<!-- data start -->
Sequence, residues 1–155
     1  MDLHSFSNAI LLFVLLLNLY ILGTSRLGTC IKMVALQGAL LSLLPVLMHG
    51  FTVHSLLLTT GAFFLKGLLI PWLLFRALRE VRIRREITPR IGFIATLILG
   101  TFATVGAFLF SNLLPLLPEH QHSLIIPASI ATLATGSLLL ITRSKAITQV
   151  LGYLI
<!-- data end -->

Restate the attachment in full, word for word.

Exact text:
Sequence, residues 1–155
     1  MDLHSFSNAI LLFVLLLNLY ILGTSRLGTC IKMVALQGAL LSLLPVLMHG
    51  FTVHSLLLTT GAFFLKGLLI PWLLFRALRE VRIRREITPR IGFIATLILG
   101  TFATVGAFLF SNLLPLLPEH QHSLIIPASI ATLATGSLLL ITRSKAITQV
   151  LGYLI